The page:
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Self-censorship restricting Hong Kong's press

December 29, 1998

By Edward Neilan
Special to World

HONG KONG--After the July 1,1997 handover of Hong Kong by Britain to China, it was expected that the attack on press freedom would come directly from Beijing.

As it has turned out, noted after one year and confirmed now after one-and-a-half years, the pressure was more insidious.

Self-censorship, pressure from "upstairs," ultimatums from advertisers, non-cooperation with Hong Kong journalists going into China, increased prosecution of journalists in China, were among the elements.

I had decided on a book title "The Suffocation of Hong Kong: Decline of Press Freedom Since the 1997 Handover" as supported by my research. Nevertheless I had some trepidations as I arrived in Hong Kong recently on one of my frequent visits, thinking some might feel it was too bold. My hesitancy was unfounded.

"That's perfect. That's the real story," said Kin-Min Liu, president of the Hong Kong Journalists' Association, when I told him the working title. "The situation is getting worse and may explode in a few months. Your timing is perfect."

Liu says recent surveys by his group find newsmen want more community involvement in the debate over press ethics. The concept of a press council and new laws on media ethics were rejected as part of a fine side of the wedge of government control.

Liu, who is editor of the opinion page of the Hong Kong Economic Times, has been criticized by authorities for pushing objectivity and criticizing mainland China.

"The spectre of self-censorship is increasing." Liu told me.

On the website of the South China Morning Post, the archive listing of "special reports" fails to mention the issue of self-censorship as something the paper has looked into, although there are glowing chronicles of the late Deng Xiaoping and new chief executive Tung Chee-hwa.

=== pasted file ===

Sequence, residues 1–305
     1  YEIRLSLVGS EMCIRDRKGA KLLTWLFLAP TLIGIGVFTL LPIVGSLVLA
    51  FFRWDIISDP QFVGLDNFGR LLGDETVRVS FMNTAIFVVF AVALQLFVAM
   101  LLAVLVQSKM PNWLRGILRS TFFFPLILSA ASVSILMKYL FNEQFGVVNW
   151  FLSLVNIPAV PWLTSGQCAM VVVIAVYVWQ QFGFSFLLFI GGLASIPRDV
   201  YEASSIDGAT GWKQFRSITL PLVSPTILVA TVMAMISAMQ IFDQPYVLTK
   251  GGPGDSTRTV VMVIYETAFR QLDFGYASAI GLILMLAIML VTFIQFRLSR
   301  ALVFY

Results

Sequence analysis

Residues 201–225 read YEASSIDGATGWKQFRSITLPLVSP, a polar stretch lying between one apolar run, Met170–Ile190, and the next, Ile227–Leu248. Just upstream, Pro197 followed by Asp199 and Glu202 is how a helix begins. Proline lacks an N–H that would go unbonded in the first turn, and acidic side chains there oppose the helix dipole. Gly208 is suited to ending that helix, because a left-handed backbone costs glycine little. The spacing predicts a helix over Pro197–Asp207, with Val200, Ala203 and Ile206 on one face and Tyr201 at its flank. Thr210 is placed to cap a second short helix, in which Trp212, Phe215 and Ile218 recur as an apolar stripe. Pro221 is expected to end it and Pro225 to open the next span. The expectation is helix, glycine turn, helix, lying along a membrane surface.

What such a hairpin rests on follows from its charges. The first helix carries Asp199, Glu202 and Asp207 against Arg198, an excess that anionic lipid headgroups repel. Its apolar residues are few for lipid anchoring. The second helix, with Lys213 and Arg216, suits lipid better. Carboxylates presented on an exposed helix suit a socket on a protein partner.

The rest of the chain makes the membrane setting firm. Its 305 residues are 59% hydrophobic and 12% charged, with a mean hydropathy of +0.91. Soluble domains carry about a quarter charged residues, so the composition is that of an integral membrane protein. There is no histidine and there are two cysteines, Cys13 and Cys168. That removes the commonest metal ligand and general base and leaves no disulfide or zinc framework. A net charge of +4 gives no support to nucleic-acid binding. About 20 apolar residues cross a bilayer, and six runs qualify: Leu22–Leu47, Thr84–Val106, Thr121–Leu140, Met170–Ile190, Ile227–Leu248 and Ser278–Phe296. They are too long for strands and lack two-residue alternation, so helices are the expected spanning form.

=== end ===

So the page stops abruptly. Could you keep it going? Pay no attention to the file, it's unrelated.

Briton George Adams, whose satirical "NOT The South China Morning Post" website has been a cyberworld thorn in the side of the SCMP since the handover says self-censorship is blatant.

In the December 9, 1998 edition of his online report, Adams wrote under the headline "The Sin of Omission":

"What's this? A report in the South China Morning Post, prominent position of page four basement on a new Chinese-language website devoted to human rights to celebrate fifty years of the Universal Declaration! But hang on. No mention of where the website actually is."

Adams goes on "Obviously Mr. Feng Xiliang, former China Daily editor and SCMP's 'editorial consultant' is becoming something of a crossover artist and his influence now extends into local news... Whenever(SCMP editor) Jonathan Fenby opens his mouth to deny censorship and disinformation, examples like the above, frequently on a daily basis, spring to mind and must be explained. Of course, they never are." In fairness to Fenby and the SCMP, the Post carried reports on the rash of arrests of dissidents in China over the Christmas holidays. But editorial comments on the incidents did not have the rapier sting one might have read in the pre-handover SCMP.

The SCMP, which is arguably Asia's best English-language newspaper, took a hit in 1998 when it announced a US$53 million decline in profits. As part of the fallout, Hong Kong rumors say, editor Fenby has been asked by the management to stop tilting Adams in pubic.

A new face and byline on the scene is that of Robert Keatley, formerly with the Wall Street Journal. His solid commentaries give the SCMP editorial page an added dimension and an American rather than British tilt. There is talk that as Deputy Editor, he may soon ease into the editor's chair.

A sure sign that Hong Kong is feeling the pinch is the organization of the Better Hong Kong Foundation, loaded with "old Hong Kong money" and headed by Chief Executive George Yuen, a former government information officer under the British.

The foundation is basically a public relations agency for Hong Kong, polishing the Special Administrative Region's (SAR's) image.

Yuen is concerned with dropoffs in Japanese tourist numbers and continued reports of ripoffs of visitors from Tokyo an elsewhere by Hong Kong merchants.

"In the old (pre-handover) days," said a longtime businessman-resident, "Hong Kong was the last place in the world that needed a public relations agency to hide its warts."

Edward Neilan ( is a veteran journalist, based in Tokyo, who covers East Asia and writes weekly for World

December 29, 1998

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